Semi-Slav - Complete Repertoire for Black - Part 1
We are happy to present the new database of IM Renato Quintiliano - Semi-Slav - Complete Repertoire for Black. The database consists of 10 huge theoretical chapters, 20 interactive test positions, and Memory Booster. The running time of the Video Version is 7.5 hours.
Below, the author provides an overview of his survey.
The first important position arises after 1.d4 d5 2.c4 c6 3.Nc3 Nf6 4.e3
Continuing our study of the Semi-Slav, in this database, we will study in detail the lines in which White adopts a positional approach with e3. As we'll see, these lines are anything but boring, and also offer many interesting ideas for both sides.
I also examine the alternative move order with 4.Nf3 e6.
Still, to cover as many interesting lines as possible, I felt obligated to include two variations that differ from our main topic but are essential and can't be neglected by Black. This way, in Chapter 1 I analyse 5.g3, which has always been an interesting option, leading the game into Catalan paths.
Chapter 2 is dedicated to 5.Qd3!?, a move I used to consider a harmless sideline, but nowadays it has gained some popularity and certainly deserves attention.
Let's return to the position after 4.e3.
In Chapter 3 we see different ideas on White's 5th move. These moves usually aim to take some advantage of the flexible position of the Ng1, enabling Ne2 sometimes. White's most promising option is 5.b3, which was even played by Carlsen recently. However, analysis shows that Black has more than one way of getting a good game against the lines seen in this chapter.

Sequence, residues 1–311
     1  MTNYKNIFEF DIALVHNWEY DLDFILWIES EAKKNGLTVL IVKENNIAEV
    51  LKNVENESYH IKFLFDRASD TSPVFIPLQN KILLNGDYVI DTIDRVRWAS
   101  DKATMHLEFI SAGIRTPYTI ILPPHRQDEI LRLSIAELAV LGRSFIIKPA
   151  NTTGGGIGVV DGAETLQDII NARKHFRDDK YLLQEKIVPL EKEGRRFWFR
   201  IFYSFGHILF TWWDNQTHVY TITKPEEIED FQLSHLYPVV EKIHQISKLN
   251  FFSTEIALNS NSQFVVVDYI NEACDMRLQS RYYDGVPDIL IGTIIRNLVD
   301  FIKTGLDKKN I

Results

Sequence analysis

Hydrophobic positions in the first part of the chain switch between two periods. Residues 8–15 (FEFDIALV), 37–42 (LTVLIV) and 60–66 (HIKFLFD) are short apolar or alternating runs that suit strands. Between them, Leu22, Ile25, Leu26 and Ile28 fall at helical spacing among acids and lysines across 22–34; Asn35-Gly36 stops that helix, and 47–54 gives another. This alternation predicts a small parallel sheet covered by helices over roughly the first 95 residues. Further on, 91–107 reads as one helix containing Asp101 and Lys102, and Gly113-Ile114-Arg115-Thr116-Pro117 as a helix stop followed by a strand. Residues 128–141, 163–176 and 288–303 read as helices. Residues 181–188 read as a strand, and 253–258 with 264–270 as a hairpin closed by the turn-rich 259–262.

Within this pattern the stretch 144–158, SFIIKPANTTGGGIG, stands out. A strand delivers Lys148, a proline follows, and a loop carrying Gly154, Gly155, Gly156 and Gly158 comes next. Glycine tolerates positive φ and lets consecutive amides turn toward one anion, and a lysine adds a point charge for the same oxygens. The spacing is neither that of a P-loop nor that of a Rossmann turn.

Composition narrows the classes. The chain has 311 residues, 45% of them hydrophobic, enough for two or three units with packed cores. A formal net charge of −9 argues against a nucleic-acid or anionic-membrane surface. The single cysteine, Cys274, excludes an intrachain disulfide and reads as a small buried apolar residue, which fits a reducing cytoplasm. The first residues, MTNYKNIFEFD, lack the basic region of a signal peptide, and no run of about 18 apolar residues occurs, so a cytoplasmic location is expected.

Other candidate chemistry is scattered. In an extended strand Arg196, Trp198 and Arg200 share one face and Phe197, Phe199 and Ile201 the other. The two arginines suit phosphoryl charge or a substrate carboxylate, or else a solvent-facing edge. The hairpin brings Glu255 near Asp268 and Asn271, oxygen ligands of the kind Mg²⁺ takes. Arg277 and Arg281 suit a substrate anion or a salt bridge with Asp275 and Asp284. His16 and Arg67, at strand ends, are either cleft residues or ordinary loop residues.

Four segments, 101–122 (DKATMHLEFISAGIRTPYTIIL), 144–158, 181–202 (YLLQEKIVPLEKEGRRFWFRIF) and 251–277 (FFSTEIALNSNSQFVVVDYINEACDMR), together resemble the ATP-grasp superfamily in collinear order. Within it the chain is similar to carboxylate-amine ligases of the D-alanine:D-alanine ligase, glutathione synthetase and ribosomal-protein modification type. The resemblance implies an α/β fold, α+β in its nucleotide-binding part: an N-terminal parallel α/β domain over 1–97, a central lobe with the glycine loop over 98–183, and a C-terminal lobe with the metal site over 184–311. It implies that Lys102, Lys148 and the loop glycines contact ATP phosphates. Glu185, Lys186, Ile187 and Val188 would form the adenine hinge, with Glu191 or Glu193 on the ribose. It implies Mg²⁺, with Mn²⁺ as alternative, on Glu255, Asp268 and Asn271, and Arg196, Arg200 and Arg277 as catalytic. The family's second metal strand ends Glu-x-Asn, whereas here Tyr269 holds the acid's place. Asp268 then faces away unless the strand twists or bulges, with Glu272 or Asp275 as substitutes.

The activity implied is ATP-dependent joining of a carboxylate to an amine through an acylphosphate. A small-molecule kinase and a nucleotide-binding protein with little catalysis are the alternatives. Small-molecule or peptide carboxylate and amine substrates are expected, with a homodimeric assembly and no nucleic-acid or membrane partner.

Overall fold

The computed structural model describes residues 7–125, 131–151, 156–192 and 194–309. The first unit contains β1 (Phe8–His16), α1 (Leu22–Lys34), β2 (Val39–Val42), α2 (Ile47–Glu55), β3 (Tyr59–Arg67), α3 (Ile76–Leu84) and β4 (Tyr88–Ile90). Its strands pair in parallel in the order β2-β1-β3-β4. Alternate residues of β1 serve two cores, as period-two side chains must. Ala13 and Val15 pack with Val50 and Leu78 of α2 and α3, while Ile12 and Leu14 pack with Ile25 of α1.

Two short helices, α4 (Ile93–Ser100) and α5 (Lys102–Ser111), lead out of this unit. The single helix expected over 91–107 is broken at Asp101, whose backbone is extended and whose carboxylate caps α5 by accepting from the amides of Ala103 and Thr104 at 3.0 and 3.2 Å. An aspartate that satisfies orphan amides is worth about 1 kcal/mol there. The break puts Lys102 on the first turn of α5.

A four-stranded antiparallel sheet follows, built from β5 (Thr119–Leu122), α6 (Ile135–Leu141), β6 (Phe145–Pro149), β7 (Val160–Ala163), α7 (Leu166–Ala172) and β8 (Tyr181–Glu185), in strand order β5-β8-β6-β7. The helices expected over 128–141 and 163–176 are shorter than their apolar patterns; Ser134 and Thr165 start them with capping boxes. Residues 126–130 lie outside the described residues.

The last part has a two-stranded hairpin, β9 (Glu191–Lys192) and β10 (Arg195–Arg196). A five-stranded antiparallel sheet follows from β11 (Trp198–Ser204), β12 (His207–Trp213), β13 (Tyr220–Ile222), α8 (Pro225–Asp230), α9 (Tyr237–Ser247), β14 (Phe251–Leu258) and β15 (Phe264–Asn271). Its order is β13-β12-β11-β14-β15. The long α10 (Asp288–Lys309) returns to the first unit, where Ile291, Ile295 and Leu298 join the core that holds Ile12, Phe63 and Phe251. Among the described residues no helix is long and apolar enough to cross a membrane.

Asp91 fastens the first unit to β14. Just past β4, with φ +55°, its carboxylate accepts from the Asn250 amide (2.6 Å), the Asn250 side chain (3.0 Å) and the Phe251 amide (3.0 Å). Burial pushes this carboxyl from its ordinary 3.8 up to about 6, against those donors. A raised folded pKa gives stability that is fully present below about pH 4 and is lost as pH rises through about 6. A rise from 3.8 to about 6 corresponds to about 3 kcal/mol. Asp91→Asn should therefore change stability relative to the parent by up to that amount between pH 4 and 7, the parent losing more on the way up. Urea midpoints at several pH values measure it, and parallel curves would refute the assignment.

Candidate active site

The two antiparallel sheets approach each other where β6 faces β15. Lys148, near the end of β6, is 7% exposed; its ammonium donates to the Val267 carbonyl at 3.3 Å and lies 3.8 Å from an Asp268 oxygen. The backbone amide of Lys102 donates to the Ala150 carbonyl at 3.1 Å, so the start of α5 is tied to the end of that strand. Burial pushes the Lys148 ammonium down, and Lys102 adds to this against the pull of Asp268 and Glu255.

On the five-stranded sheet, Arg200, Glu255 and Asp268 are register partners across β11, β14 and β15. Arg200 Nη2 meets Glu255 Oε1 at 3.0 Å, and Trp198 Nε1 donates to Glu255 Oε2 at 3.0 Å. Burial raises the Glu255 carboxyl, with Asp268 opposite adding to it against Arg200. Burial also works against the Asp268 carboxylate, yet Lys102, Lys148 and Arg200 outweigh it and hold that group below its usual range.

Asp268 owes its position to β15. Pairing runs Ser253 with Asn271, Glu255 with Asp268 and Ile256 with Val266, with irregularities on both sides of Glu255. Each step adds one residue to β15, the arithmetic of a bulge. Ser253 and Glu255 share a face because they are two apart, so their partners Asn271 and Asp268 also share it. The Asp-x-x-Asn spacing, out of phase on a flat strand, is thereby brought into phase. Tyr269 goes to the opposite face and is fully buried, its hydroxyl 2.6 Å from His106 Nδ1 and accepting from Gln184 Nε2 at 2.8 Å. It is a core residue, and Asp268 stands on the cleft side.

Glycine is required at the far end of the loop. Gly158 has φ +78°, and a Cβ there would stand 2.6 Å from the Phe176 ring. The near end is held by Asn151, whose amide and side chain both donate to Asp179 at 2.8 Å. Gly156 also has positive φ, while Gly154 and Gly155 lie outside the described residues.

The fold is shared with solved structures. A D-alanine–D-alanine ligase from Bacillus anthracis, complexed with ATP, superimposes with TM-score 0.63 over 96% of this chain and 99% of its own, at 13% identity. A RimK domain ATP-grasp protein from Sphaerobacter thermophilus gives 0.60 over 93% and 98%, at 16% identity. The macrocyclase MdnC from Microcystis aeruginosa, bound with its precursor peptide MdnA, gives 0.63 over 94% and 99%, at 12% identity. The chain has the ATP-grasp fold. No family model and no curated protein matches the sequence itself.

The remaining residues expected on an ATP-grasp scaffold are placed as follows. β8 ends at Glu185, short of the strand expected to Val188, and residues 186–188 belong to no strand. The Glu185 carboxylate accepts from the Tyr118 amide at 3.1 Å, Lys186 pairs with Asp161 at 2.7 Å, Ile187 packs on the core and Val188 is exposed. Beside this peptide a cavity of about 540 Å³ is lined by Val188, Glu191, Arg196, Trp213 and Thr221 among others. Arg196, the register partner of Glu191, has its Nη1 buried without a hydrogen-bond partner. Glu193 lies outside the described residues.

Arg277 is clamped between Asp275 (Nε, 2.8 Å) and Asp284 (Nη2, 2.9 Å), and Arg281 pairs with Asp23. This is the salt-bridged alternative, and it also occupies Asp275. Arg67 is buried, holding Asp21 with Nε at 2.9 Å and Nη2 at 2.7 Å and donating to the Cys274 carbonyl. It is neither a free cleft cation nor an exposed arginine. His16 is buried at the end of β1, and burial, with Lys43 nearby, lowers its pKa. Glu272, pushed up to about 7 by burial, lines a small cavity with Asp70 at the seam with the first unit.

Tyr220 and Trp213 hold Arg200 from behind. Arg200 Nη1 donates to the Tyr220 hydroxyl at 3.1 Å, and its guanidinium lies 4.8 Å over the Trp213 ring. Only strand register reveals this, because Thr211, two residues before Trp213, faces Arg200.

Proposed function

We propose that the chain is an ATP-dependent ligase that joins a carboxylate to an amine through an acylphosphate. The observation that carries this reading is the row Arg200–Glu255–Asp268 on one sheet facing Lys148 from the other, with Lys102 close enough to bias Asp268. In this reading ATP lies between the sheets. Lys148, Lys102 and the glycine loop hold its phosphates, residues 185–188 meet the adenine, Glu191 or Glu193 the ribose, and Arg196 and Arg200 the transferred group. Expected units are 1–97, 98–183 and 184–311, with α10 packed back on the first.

Other flexible moves such as 5.Bd3, 5.a3, 5.Qc2, 5.cxd5, and 5.f4?! are also analysed in Chapter 2.
The next important branching point arises after 5...Nbd7
In Chapter 4, it's time to see different options on White's 6th move. The most played is again 6.b3, but things look even easier for Black here, as the knight is already on f3. After 6...Bb4, White is forced to reply 7.Bd2, when although White's position is playable, analysis and games seen in this chapter show that the Bd2 is clearly misplaced, allowing Black to equalize in a very comfortable way.
In Chapter 3, I also examine many other possibilities for White on move 6, such as 6.a3, 6.Bd2, 6.Ne5!?, 6.a4, 6.Nd2, and 6.h3.
Some of these lines are simply harmless, while others are good to know a little bit.
Nevertheless, I've dedicated a whole chapter to another possibility for White on the 6th move, which is 6.Be2!?.
This move order has gained popularity in recent years and I think it deserves careful study. White's main goal here is to keep a flexible position and try to achieve a favourable version of the more popular lines. This idea shouldn't be underestimated, and I tried to explain how to deal with it in Chapter 5. I should note that some chapters from the next database are going to provide better knowledge of the positions analysed there.
The move 6.Qc2 will be studied in the next database.
From the next chapter, we start examining the most important position for the database - 6.Bd3 dxc4 7.Bxc4 b5